So, you want to know how to use DaVinci Resolve? Easily one of the best video editing software tools on the market (and our pick for best free video editing software overall), Resolve is a full-featured professional application, for both Mac, Windows and Linux, available completely for free.
Now don’t get it confused with DaVinci Resolve Studio - that ‘s the pro-version you have to pay for, although it’s only $295, with all future updates, large and small, free forever. Put that next to subscription-based software, and it’s a no brainer. Especially with its latest iPad version for those looking for the best video editing app that perfectly matches its desktop counterpart.
But we’re not here to talk about Studio (software very few actually need), but to focus on the free version of DaVinci Resolve, which is more powerful than any other free video editor out there. If you’re thinking of diving into the world of filmmaking, but you have no budget, this is definitely the software to gravitate towards. Yes, it’ll be harder to master than the other free alternatives, especially the more advanced features, but the basics of editing are pretty easy to grasp.
Let’s take a look at how you can use this incredible video editor.
How to use DaVinci Resolve: Basic steps
What to do
- Create a new project and import clips
- Edit your film and apply effects
- Export your video
What you'll need
- Raw footage
- A copy of DaVinci Resolve
- A video editing laptop or video editing PC with loads of RAM
- Skill level: Beginner
Step 1: Import media
Start by launching DaVinci Resolve. If you’ve never used it before, the Projects window will look a little bare, so click on ‘New Project’, lower right of the interface.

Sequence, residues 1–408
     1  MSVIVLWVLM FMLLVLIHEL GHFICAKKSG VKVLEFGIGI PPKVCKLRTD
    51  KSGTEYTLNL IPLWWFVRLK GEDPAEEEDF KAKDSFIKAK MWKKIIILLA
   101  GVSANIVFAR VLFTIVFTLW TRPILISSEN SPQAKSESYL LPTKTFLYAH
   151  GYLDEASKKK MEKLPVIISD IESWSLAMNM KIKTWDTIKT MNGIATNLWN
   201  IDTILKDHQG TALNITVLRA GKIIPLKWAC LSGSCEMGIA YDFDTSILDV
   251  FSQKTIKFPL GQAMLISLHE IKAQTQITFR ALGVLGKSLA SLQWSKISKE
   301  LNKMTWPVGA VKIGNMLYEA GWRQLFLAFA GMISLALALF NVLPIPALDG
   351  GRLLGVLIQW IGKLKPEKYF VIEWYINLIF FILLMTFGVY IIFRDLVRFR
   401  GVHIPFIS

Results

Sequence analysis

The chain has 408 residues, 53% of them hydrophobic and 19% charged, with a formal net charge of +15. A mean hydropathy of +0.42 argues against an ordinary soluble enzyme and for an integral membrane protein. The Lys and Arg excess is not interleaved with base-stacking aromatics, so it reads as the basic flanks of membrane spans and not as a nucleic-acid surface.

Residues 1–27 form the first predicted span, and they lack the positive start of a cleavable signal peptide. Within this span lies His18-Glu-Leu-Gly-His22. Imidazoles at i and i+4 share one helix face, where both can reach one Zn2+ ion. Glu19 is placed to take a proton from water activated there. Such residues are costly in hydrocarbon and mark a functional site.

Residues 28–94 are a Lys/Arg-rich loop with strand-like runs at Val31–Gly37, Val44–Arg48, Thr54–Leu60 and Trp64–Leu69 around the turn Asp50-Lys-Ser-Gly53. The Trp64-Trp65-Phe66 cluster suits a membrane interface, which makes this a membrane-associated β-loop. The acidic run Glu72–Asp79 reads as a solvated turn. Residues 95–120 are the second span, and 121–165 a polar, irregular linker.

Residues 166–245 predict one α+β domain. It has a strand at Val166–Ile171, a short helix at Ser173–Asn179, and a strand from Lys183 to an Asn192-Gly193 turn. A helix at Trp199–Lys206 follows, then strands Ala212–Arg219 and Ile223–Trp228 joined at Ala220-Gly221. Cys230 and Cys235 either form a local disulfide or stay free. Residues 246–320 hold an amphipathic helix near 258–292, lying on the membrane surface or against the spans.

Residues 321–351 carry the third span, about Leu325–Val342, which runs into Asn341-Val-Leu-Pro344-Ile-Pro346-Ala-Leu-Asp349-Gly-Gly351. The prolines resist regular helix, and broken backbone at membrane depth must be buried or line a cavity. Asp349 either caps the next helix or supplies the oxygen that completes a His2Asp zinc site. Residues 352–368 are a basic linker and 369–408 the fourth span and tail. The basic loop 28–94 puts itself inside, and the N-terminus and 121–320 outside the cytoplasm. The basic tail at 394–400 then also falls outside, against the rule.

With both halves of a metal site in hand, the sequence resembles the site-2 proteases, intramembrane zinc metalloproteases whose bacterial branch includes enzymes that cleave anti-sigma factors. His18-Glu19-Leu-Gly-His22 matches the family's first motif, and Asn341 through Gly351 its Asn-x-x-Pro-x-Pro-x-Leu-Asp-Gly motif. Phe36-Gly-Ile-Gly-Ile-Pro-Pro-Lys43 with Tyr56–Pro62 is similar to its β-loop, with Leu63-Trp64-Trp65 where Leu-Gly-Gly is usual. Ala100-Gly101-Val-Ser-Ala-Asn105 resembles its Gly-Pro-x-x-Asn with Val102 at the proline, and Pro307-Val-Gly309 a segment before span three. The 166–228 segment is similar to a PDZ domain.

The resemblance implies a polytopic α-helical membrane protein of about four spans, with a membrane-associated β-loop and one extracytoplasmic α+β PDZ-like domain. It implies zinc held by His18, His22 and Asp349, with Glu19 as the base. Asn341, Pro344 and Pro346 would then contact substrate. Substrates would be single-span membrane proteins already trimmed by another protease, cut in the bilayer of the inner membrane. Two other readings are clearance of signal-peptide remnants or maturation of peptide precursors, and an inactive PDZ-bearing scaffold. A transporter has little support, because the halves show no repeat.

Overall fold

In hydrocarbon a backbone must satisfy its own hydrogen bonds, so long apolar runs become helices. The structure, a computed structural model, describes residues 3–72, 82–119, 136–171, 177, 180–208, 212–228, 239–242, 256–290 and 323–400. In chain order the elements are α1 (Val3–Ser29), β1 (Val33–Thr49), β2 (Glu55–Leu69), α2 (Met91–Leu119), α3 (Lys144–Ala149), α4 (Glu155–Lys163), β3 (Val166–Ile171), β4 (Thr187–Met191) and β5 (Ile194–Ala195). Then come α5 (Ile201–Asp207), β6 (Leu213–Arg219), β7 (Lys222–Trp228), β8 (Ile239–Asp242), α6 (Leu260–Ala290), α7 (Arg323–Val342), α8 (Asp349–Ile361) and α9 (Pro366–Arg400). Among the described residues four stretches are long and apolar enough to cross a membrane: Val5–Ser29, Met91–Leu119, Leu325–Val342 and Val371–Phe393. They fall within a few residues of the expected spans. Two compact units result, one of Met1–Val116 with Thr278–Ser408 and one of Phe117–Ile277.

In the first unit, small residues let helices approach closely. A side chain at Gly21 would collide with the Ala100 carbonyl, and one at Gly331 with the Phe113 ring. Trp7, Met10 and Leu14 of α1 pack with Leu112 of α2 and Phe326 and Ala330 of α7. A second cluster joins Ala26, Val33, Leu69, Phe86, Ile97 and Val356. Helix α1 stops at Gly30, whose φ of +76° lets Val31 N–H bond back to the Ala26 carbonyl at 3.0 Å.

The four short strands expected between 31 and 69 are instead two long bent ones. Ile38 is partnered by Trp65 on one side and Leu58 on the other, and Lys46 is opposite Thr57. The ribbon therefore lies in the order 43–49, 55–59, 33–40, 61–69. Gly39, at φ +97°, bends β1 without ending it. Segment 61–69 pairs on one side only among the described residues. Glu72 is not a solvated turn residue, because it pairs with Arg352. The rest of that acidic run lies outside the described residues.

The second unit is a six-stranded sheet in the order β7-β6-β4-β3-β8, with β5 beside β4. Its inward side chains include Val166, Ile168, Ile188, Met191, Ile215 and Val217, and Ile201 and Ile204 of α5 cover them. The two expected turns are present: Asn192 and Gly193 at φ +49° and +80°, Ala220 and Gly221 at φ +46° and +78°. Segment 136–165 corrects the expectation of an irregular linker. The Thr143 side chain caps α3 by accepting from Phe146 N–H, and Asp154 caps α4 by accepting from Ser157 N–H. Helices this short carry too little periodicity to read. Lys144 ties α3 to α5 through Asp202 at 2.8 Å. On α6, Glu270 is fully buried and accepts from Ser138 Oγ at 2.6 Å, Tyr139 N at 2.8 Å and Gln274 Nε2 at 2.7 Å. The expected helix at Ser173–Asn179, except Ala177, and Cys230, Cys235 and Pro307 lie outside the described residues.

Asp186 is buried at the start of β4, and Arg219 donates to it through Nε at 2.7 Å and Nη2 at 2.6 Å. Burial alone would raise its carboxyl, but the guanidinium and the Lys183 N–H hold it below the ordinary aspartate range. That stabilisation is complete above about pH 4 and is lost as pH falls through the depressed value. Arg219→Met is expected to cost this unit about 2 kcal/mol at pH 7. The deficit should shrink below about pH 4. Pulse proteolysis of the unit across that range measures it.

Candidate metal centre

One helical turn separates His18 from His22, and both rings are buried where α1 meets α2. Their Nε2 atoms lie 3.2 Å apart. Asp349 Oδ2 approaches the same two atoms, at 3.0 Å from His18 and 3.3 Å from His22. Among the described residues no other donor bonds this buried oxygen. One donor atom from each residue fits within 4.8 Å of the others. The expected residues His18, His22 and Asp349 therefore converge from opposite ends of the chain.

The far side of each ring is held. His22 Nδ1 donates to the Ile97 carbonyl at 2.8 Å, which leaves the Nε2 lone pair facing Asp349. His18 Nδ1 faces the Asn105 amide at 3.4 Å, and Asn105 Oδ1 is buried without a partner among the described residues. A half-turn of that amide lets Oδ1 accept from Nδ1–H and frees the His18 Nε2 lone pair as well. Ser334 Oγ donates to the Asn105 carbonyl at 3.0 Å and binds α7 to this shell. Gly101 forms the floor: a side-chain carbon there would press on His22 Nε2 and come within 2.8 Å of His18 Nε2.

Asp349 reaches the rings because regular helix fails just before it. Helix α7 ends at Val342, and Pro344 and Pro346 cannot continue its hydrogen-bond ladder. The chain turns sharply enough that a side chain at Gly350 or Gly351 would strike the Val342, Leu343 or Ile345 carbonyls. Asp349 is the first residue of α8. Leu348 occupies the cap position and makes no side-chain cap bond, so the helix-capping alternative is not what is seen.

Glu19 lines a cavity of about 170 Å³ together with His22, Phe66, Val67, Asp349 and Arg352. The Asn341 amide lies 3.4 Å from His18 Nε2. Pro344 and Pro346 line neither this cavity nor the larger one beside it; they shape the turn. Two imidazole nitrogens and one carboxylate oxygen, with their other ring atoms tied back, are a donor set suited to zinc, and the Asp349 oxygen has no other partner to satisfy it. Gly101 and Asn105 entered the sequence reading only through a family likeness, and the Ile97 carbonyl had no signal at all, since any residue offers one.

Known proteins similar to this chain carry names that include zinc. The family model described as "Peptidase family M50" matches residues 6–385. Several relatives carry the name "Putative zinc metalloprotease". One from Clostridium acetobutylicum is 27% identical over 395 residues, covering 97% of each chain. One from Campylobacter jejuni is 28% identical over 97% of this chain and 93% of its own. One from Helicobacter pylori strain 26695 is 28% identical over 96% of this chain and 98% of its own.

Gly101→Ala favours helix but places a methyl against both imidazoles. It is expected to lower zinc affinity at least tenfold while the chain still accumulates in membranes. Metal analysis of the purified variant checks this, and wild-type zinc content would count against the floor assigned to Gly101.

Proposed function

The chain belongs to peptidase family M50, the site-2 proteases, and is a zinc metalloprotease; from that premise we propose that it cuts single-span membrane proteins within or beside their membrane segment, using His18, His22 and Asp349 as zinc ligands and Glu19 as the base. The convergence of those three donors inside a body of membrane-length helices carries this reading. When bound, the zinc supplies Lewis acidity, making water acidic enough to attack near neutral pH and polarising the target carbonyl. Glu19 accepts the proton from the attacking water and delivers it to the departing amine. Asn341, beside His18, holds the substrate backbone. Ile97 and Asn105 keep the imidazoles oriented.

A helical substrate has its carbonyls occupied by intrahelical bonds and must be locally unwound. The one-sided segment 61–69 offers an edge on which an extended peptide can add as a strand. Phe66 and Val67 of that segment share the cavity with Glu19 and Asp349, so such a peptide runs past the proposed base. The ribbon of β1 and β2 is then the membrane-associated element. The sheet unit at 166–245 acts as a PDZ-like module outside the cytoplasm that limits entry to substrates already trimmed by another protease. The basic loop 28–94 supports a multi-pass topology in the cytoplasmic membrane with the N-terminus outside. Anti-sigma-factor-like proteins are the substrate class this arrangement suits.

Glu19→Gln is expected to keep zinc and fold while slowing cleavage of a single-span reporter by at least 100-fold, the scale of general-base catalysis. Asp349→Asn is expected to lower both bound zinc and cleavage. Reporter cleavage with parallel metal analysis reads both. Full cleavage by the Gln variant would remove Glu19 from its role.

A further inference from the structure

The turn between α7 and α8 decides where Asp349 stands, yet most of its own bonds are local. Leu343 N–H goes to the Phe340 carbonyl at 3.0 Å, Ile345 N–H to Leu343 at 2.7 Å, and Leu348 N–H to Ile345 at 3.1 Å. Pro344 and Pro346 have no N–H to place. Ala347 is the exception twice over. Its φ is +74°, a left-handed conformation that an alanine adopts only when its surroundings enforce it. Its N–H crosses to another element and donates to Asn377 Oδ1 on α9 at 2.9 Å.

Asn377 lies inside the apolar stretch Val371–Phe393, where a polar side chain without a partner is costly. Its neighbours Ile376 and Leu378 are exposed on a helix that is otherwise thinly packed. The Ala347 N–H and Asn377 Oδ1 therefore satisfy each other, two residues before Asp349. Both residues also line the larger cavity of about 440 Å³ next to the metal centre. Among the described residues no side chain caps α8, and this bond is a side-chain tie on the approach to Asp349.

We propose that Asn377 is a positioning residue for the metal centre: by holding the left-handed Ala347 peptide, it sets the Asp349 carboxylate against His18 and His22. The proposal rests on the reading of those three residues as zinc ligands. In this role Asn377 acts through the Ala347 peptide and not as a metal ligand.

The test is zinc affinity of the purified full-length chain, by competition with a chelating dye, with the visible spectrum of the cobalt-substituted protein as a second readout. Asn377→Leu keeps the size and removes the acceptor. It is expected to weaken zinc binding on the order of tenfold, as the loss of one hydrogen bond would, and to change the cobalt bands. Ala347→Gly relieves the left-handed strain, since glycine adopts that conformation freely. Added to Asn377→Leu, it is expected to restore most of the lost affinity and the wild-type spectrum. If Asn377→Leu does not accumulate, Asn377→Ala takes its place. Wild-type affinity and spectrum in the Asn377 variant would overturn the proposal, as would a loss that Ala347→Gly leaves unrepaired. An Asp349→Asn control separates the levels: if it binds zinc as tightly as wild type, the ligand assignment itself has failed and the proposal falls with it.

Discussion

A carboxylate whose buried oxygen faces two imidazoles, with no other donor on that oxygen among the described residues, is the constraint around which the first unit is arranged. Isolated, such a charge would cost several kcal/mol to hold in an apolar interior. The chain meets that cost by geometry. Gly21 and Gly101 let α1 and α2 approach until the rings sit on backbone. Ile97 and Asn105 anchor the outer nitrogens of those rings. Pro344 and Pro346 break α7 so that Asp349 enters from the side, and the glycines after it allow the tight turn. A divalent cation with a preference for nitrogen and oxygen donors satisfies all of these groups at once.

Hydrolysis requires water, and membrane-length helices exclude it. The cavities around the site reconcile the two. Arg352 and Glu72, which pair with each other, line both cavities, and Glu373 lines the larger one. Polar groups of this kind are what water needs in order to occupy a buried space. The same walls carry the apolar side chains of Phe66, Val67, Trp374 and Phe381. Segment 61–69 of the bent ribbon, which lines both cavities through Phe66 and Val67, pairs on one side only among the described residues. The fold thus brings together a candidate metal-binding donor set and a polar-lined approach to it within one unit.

You’ll find Resolve is divided into seven different ‘Pages’. Think of them as workspaces, designed to focus on a specific job, although not exclusively so. For instance, although the Media page is designed to handle all the clips you will import, you can actually bring in media from other pages: just go to File > Import > Media
As you’re by default in the ‘Cut’ page, you’ll see your footage top left of the interface. Top right of that section are four icons, to switch between different views. By default, you’re in ‘Metadata’, but you can select ‘Thumbnail’, ‘Strip’ or ‘List’ view instead.
If you’re in either of the first two, mouse over a clip’s thumbnail to scroll through the footage. As you do so, you can hit the ‘i’ and ‘o’ key to mark an in and out point respectively, then drag that selection onto your timeline.
Step 2: Edit
You can carry on adding clips to your timeline in the ‘Cut’ Page, in the same way as described above, but let’s explore ‘Edit’ now, by clicking on its icon at the bottom of the interface, or by going to Workspace > Switch to Page > Edit.
You’ll find the interface more crammed with additional tools: you have transitions and effects lower left, your media, top left, clip properties, top right, and audio mixing lower right.
You can mouse-scroll through your footage’s thumbnail, as well as set in and out points, as before. As you drag a new clip to the timeline, you’ll find that it snaps to the end of those already present. This helps make sure there are no gaps between clips.
If you want to insert a selected clip in between two existing ones, select it, then hit the F9 key (or click on the Insert icon, immediately above the timeline). The default behaviour is overwrite, so if you drag a clip over an existing one, the new clip will replace the previous one. You can of course also add a clip onto another video layer, to offer you more flexibility.
Step 3: Transitions
The ‘Edit’ page is also where you can add transitions between clips as well as keyframes to animate your clips, basic features you’d expect any video editor to have, so let’s have a look at how they work in Resolve.